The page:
Skateboarding: the subculture strengthening global communities

 
Kelly Macbeth Mackay, Founder of Halftime London, at Gym Class Skate Session, Vancouver 2019

Kelly Macbeth Mackay, Founder of Halftime London, at Gym Class Skate Session, Vancouver 2019

Moving from London to Vancouver was a very last minute decision for me this February. I decided to use the work permit I’d had for a year, packed 20kg and booked my flight for the day of its invitation expiry. But leaving the comfort of home was something I thought I was good at before moving. I am constantly chasing the next challenging experience and try exceptionally hard not to look back with regret.

The strongest thing I have realised since moving is that community is everything. We exist amongst so many others that we forget the people we surround ourselves with are how we become who we are. This brings me onto the glorious subculture of skateboarding. As I write this with a pillow wedged under my knee awaiting a date for an MRI scan (an injury caused by a footballer trying her hand at skateboarding) I feel no resentment towards the topic. This is because the women I met whilst attempting a new skill taught me, even in such a short time, that when you have passion for something new, no one doubts you in the slightest; the mutual determination for personal achievement and development is really felt within the community of skateboarding.

Bianca Dela Cruz, 25, from North Vancouver, Founder of Gym Class

Bianca Dela Cruz, 25, from North Vancouver, Founder of Gym Class

For this article I had the pleasure of talking to North Vancouver born, Bianca Dela Cruz, Founder of Gym Class, and Joana Fongern, a skater from Late Skate, NY, Founder of fashion brand Nayf and Wavey, and fellow University of the Arts London’s football alumni. Bianca Dela Cruz is a North Vancouver- born legend who splits her year up with touring with the band Peach Pit selling merchandise, working part-time at BC’s biggest outdoor goods supplier, MEC, and picking wild mushrooms in interior BC. I had the pleasure of skating with her at the self-initiated weekly skate event, Gym Class, and here’s what she had to say about how it started and what it means to her.

Kelly: How did you get into skateboarding and what does it represent for you?

Bianca: A lot of my friends skate and skating, in general, has been something I’ve always admired people doing. It’s incredibly liberating and careless and I’m still figuring it out but I love it.

K: What does community mean to you?

B: In a general sense, I think it's cool when it happens naturally, and letting it grow and not being fixated on who leaves and who joins. Overcoming manic exclusivity, like picking and choosing who is allowed to come in rather than whose just down to come. Regardless, I think that it’s hard to avoid, and you tend to surround yourself by more like-minded people but I’d like to fully come to that place one day.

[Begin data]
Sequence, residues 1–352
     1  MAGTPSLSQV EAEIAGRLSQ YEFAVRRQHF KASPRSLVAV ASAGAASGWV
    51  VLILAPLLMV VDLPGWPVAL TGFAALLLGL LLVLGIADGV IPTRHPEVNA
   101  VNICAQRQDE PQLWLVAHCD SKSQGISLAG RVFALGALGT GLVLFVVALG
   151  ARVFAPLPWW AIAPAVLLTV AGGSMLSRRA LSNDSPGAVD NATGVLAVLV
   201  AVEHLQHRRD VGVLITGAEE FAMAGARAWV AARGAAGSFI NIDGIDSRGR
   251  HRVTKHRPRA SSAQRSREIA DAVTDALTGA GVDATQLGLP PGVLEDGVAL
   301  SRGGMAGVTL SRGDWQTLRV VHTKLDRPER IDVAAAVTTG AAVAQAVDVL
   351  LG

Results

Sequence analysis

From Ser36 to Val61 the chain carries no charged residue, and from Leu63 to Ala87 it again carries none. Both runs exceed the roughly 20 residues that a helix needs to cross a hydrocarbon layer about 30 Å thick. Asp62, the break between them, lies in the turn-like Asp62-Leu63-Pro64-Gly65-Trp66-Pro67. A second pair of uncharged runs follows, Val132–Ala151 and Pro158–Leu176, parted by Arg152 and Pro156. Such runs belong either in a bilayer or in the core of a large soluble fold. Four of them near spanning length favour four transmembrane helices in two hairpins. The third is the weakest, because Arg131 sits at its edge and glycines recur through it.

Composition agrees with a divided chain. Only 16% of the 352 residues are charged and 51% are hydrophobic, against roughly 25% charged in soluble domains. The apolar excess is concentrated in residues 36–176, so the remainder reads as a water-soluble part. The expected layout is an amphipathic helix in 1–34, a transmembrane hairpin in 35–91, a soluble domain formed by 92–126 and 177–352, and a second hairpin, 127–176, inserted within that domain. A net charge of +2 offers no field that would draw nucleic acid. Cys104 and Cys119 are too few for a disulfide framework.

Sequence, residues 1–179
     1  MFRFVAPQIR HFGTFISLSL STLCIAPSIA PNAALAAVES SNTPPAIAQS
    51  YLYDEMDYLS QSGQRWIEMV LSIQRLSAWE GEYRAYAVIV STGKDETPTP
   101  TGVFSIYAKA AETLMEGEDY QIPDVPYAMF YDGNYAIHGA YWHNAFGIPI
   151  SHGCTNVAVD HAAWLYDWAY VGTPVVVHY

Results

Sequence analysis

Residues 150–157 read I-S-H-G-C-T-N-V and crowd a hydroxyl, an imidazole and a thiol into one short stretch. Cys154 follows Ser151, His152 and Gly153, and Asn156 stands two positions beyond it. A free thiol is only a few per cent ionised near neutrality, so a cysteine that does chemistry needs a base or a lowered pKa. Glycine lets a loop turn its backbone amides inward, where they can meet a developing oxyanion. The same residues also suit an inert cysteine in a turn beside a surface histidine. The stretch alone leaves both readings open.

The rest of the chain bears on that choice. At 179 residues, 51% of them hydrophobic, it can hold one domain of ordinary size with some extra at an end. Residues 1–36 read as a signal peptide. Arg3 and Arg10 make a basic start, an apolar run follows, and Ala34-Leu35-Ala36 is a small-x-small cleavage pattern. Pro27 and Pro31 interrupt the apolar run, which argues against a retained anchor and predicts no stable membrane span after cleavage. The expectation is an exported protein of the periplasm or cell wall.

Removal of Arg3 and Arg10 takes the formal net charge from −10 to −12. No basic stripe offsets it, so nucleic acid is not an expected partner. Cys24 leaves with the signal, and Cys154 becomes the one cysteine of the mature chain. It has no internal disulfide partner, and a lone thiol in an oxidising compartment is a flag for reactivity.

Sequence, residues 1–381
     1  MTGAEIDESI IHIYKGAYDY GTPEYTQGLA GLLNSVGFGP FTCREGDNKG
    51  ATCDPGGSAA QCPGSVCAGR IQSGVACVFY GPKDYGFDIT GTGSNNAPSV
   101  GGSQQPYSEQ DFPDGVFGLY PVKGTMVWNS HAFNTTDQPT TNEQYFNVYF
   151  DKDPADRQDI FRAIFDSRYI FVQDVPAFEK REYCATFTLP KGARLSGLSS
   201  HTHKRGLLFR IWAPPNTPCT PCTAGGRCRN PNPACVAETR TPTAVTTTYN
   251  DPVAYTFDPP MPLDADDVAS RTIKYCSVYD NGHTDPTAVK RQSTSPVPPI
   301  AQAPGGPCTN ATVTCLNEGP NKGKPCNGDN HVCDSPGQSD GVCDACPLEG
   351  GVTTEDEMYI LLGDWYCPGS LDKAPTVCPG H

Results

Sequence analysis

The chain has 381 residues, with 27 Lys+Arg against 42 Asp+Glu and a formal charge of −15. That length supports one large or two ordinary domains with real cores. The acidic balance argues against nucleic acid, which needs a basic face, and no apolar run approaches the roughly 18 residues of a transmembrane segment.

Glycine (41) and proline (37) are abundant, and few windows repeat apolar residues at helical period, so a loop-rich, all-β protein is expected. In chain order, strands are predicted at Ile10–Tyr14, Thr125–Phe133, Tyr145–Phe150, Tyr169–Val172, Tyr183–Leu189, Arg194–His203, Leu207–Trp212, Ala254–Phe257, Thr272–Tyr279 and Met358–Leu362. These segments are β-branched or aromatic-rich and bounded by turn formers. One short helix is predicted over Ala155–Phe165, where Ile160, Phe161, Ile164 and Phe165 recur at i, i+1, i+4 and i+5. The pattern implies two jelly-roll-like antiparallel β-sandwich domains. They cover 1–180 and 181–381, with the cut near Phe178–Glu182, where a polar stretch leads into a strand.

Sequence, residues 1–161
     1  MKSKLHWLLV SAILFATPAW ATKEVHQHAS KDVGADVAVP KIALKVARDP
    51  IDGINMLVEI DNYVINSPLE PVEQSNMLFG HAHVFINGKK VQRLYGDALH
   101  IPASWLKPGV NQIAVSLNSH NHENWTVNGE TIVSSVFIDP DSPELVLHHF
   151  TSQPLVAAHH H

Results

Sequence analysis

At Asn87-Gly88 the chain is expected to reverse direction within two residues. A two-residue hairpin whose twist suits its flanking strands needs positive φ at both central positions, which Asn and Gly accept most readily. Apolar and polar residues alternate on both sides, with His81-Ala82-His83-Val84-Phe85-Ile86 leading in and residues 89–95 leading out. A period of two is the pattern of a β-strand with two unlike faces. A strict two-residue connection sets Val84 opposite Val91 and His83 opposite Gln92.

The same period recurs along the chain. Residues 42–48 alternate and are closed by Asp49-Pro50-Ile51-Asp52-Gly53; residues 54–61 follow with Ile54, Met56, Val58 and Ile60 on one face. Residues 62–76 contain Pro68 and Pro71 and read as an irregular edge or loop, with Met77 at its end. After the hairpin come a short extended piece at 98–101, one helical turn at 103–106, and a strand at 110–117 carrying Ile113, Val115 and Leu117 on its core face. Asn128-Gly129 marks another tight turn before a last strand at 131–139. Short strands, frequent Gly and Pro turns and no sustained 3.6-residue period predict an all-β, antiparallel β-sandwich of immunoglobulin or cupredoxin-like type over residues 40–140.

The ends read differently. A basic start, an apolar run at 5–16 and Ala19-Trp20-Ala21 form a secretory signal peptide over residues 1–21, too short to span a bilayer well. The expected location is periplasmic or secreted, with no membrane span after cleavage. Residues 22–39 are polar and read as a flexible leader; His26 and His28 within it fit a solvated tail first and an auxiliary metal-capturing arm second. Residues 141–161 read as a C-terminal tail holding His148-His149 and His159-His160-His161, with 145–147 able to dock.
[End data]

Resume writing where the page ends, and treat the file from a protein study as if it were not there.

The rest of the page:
Instagram @Gymclasss_

Instagram @Gymclasss_

 

K: How did Gym Class (GC) start?

B: A lot of friend inspiration, and helpful

K: Which element of GC brings you the most satisfaction?

B: I love watching everyone try new things or practice get out of their comfort zone.

K: What’s your advice for someone wanting to start skating?

B: Do it! In whatever setting or way that feels most comfortable, wear all the safety gear, go with your pals, hit up the events that happen in your city.

K: What’s your advice to someone wanting to start their own GC?

B: Just go for it, ask around

K: What does GC represent for you?

B: A safe space to build confidence and overcome personal barriers

K: Does who you skate with matter to you?

B: No, but I definitely have some usuals I skate with out of comfort. If you’re down to skate lets skate!

Gym Class Session, Vancouver, 2019

Gym Class Session, Vancouver, 2019

K: Does community affect/benefit individual progress?

B: I guess it’d be personal preference, I love skating with friends I find it a really positive setting to get hyped on each other and help each other progress. I also find it beneficial to go skate somewhere alone and loose sense of time trying to get a trick down.

K: How do you feel when you see people skating in gym class?

B: Stoked! I love seeing everyone get hyped.

K: You were challenged by allowing men to get involved - how did you overcome this?

B: Conversation with people who were down to speak up about why this was important to them. I think it was necessary to shape the overall setting of a *ladies/queer/non-binary specific event. Personally, it was important for me to realize the overall

K: Does gender segregation matter in skating?

B: I can’t speak for everyone but *maybe more so in the beginning, to get comfortable and build confidence and finding the space to allow you to explore that. Bare bones, I really believe skating is not a gender-specific sport but I think it’s important for people to be aware and recognize the impact with actions or attitude what that might have on someone, especially with something like skating where there is a very obvious ‘skate persona’. So I don’t think it matters at all in the long run, but I think it’s cool to have events specific that spotlight the rad lady*, non-binary, queer, or male people because I think it’s important for everyone to see.